This Week’s Market Buzz
Published: Thursday, 24 January 2013 12:52
- According to the LaCrosse Tribune, an outgoing zoning inspector said that Buffalo County, Wis.’s $10,000 fee for a frac sand mining permit is excessive, and the process for acting on permit applications needs to be streamlined. Jake Sedivy, the Buffalo County zoning technician who recently resigned for another position, addressed the board and said the permit fee is substantially higher than those charged in other counties.
He said he’d raised the concern before. Some at the meeting, who spoke of both pros and cons of mining issues and practices, offered the zoning board support for its efforts to address frac sand as the county approaches April 30, the end of its moratorium. Those critical of frac sand mining developments in Buffalo County continued to urge zoning board members to stay on track with studies and implement policies that protect the public from cumulative impacts of permitting too many mines.
- A protest over a Winona, Wis., Board of Adjustment’s decision to allow more handling and shipping of fracking sand was recently held at the base of the interstate bridge in Winona. Protesters marched to the city hall carrying 100 lb. of frac sand to call on city leaders to overturn the decision, according to protest organizers.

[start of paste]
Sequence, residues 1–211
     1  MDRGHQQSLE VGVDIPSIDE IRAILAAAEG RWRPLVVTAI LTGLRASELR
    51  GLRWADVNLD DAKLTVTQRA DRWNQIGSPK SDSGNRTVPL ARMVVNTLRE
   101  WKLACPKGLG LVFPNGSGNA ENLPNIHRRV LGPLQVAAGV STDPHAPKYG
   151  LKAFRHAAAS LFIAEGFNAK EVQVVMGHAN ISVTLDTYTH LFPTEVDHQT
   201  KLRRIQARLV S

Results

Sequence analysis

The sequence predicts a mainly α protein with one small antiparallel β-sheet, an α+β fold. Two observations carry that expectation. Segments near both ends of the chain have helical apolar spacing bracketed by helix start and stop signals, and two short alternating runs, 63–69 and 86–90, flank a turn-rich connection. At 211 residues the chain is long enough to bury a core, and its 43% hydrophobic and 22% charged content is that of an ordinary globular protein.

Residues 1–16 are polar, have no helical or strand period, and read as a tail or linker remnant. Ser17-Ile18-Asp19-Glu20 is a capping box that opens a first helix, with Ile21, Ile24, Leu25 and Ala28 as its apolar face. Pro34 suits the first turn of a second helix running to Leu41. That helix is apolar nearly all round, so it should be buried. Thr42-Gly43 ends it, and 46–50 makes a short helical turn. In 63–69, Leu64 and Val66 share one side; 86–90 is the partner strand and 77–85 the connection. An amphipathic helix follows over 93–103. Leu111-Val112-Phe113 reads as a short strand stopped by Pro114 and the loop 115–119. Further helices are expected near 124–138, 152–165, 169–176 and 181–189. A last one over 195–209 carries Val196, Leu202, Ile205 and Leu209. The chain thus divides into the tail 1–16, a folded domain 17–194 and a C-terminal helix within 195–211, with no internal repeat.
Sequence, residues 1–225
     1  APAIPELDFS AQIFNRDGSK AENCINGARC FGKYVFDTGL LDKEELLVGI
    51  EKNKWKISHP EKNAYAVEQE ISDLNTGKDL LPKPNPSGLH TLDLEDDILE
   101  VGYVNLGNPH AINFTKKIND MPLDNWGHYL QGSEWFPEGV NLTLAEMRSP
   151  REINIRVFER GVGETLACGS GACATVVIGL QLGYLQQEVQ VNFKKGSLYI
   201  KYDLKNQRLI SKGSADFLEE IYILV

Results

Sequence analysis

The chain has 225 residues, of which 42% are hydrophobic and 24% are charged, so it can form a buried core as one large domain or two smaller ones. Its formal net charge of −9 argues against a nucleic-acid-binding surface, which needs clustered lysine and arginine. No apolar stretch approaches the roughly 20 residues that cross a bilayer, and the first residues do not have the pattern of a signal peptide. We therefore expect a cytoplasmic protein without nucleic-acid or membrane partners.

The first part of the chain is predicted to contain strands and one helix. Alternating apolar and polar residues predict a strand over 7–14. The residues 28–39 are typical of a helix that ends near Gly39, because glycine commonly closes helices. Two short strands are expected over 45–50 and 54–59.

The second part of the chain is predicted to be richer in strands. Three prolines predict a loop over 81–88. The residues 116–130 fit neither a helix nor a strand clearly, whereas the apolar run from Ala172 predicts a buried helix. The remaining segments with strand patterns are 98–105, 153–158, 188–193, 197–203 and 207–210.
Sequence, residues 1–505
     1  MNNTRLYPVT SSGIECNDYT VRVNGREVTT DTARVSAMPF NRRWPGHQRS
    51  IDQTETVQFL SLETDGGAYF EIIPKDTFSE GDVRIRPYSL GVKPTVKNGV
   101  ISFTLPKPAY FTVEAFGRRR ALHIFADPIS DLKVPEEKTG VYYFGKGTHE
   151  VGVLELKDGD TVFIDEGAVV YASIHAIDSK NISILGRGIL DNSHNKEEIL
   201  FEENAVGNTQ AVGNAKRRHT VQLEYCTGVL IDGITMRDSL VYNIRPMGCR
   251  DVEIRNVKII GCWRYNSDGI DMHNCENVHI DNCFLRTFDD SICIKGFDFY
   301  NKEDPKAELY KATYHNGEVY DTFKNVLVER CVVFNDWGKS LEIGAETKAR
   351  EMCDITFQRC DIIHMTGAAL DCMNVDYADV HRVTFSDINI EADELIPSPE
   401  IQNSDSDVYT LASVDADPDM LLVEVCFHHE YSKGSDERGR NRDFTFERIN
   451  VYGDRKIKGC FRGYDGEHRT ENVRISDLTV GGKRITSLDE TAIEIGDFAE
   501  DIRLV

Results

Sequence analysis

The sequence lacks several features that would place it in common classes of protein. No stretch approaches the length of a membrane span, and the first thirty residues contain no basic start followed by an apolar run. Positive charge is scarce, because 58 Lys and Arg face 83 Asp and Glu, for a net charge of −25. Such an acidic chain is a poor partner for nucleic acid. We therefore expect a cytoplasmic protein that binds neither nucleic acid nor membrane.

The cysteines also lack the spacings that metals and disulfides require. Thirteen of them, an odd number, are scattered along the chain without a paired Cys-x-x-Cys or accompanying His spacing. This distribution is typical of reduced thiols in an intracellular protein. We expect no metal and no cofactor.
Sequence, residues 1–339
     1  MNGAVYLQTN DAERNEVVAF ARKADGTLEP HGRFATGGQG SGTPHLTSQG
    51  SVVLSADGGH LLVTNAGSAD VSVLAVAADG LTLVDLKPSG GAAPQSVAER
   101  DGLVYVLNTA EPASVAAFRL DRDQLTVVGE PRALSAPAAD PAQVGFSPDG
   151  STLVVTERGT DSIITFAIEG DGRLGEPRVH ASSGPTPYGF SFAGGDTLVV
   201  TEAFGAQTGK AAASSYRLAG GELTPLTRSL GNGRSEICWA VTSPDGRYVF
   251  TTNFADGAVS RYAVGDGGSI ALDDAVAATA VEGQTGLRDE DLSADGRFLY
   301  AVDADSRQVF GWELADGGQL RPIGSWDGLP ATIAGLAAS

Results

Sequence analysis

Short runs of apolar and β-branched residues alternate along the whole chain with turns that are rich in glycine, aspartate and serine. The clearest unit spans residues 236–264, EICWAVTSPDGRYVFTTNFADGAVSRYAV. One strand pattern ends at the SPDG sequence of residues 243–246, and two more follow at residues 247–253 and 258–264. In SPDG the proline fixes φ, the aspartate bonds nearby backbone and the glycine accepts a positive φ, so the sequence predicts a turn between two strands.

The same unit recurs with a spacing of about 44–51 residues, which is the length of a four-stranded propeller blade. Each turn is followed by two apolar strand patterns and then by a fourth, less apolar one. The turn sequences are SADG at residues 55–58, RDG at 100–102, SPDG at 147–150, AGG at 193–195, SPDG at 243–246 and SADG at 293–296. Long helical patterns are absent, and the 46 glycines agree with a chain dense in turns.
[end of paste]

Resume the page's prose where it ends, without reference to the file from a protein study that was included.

- People in Chippewa County and western Wisconsin – a center for a frac sand industry boom – have raised questions about the long-term impact of mining on groundwater, according to the Chippewa Herald. Dan Masterpole, county conservationist and director of the Chippewa County Land Conservation and Forest Management Department, outlined the county’s groundwater study, which will examine the effects of nonmetallic mining and irrigated agriculture on local waters. Data is currently being collected for the study, conducted by researchers with the Wisconsin Geological and Natural History Survey and the U.S. Geological Survey. Several area frac sand companies are participating in the project, providing data to researchers through stream gauges, drilling into the sandstone strata, and monitoring on-site well networks.
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